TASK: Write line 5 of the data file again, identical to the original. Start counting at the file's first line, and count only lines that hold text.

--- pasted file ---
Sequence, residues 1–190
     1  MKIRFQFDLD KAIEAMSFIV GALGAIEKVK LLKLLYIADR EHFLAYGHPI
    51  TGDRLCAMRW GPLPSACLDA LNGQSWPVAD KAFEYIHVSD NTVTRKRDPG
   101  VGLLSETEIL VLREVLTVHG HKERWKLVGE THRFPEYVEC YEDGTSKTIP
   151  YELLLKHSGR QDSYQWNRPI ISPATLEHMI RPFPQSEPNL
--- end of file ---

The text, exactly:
   151  YELLLKHSGR QDSYQWNRPI ISPATLEHMI RPFPQSEPNL